566 F2d 470 United States v. Blanford
566 F.2d 470
UNITED STATES of America, Plaintiff-Appellee,
Roy Lee BLANFORD, Defendant-Appellant.
United States Court of Appeals,
Jan. 16, 1978.
Michael L. Morrow, Dallas, Tex., for defendant-appellant.
J. A. Canales, U. S. Atty., George A. Kelt, Jr., Asst. U. S. Atty., Houston, Tex., Robert A. Berg, Asst. U. S. Atty., Corpus Christi, Tex., James R. Gough and John M. Potter, Asst. U. S. Attys., Houston, Tex., for plaintiff-appellee.
Appeal from the United States District Court for the Southern District of Texas.
Before THORNBERRY, RONEY, and HILL, Circuit Judges.
This is a border search case. We affirm.
On July 17, 1976, the defendant-appellant, Roy Lee Blanford, was driving north and approached a border traffic checkpoint seven miles south of Falfurias, Texas on U. S. Highway 281. He was stopped by a Border Patrol agent for routine questioning regarding his citizenship. While questioning Blanford, the agent detected a strong odor of marihuana emanating from the vehicle and Blanford's person. The agent asked Blanford to open the trunk of his automobile and he complied. When the trunk was opened, the agent discovered a suitcase which appeared to be the source of the odor of marihuana. Blanford was asked to open the suitcase and, when he complied, the contents revealed approximately twenty-five pounds of marihuana bricks wrapped in brown paper and plastic.
Blanford was charged in a one count indictment with possession of marihuana with intent to distribute it, in violation of Title 21, United States Code, Section 841(a)(1). He was tried before the court and was found guilty after his motion to suppress was denied. He appeals from that judgment of conviction, alleging that the district court erred in refusing to suppress the marihuana evidence found in the trunk of his automobile.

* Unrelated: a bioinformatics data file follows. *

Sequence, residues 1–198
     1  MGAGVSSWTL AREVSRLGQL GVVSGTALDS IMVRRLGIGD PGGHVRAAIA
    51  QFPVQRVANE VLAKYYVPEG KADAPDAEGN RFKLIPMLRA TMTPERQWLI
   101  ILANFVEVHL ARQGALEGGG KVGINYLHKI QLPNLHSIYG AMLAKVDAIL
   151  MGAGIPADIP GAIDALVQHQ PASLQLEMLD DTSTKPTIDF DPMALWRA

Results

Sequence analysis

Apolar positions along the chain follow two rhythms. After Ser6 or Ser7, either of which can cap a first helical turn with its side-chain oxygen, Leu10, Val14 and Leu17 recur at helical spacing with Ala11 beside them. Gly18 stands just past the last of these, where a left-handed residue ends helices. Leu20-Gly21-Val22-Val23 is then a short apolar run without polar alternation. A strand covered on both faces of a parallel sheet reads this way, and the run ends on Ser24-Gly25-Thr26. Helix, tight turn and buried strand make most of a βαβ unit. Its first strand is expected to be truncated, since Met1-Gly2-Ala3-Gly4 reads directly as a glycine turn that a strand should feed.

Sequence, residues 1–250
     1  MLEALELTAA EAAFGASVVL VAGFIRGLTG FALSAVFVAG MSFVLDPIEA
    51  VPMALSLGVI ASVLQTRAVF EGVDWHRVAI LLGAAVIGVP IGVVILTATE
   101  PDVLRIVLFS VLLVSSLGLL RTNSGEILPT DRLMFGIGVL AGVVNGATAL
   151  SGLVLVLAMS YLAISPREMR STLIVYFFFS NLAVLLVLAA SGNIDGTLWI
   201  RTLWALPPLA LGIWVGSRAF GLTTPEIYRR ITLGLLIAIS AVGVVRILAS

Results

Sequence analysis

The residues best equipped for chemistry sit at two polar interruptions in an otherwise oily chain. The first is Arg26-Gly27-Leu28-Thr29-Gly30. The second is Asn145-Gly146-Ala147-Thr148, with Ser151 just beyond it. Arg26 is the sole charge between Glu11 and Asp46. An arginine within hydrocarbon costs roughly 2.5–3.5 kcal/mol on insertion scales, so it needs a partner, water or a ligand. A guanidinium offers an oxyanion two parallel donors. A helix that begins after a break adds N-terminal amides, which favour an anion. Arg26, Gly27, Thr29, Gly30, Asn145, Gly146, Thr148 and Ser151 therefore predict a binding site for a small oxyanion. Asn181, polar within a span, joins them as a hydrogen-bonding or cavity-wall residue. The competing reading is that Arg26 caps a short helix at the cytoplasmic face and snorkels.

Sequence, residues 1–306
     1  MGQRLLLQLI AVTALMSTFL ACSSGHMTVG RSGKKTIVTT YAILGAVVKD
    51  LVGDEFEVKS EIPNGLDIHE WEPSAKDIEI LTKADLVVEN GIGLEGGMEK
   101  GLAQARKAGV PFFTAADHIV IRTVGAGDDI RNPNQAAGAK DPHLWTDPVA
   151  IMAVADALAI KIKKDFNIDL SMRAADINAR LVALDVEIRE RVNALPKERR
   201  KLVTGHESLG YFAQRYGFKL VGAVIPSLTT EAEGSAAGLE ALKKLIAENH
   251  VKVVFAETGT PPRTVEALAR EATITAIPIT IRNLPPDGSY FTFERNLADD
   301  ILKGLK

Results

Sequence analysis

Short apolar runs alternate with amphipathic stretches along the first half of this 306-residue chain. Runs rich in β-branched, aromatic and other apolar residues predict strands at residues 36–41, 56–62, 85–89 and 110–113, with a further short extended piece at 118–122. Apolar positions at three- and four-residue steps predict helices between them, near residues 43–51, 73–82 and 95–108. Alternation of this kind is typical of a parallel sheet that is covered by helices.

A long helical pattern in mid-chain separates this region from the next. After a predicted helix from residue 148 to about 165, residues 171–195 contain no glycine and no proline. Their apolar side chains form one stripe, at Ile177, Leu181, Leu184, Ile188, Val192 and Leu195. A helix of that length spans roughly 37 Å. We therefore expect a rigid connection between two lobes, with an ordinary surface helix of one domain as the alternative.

The initial stop and subsequent search of Blanford's automobile did not contravene any of his constitutionally protected rights. It is well established law in this circuit that the Falfurias, Texas checkpoint, at which Blanford was stopped, is a permanent checkpoint. E. g., United States v. Legeza, 559 F.2d 441 (5th Cir. 1977); United States v. Trevino, 556 F.2d 1265 (5th Cir. 1977); United States v. Garza, 539 F.2d 381 (5th Cir. 1976); United States v. Torres, 537 F.2d 1299 (5th Cir. 1976); United States v. Cantu, 504 F.2d 387 (5th Cir. 1974). Routine stops for brief questioning concerning the citizenship of the occupants of a vehicle, which are performed at a permanent checkpoint, do not violate the Fourth Amendment. United States v. Martinez-Fuerte, 428 U.S. 543, 96 S.Ct. 3074, 49 L.Ed.2d 1116 (1976); United States v. Bazan-Molina, 544 F.2d 193 (5th Cir. 1976); United States v. Howle, 537 F.2d 1302 (5th Cir. 1976). It is also well established that a subsequent search of a vehicle stopped at a permanent checkpoint is justified if based upon probable cause. United States v. Ortiz, 422 U.S. 891, 95 S.Ct. 2585, 46 L.Ed.2d 623 (1975); United States v. Dimas, 537 F.2d 1301 (5th Cir. 1976). Detecting the odor of marihuana during the citizenship inquiry provided the Border Patrol agent with sufficient probable cause to justify the search of the vehicle for contraband. E. g., United States v. Bazan-Molina, supra; United States v. Vallejo, 541 F.2d 1164 (5th Cir. 1976). Since we find no merit in Blanford's contention that the search was unconstitutional, the judgment of conviction is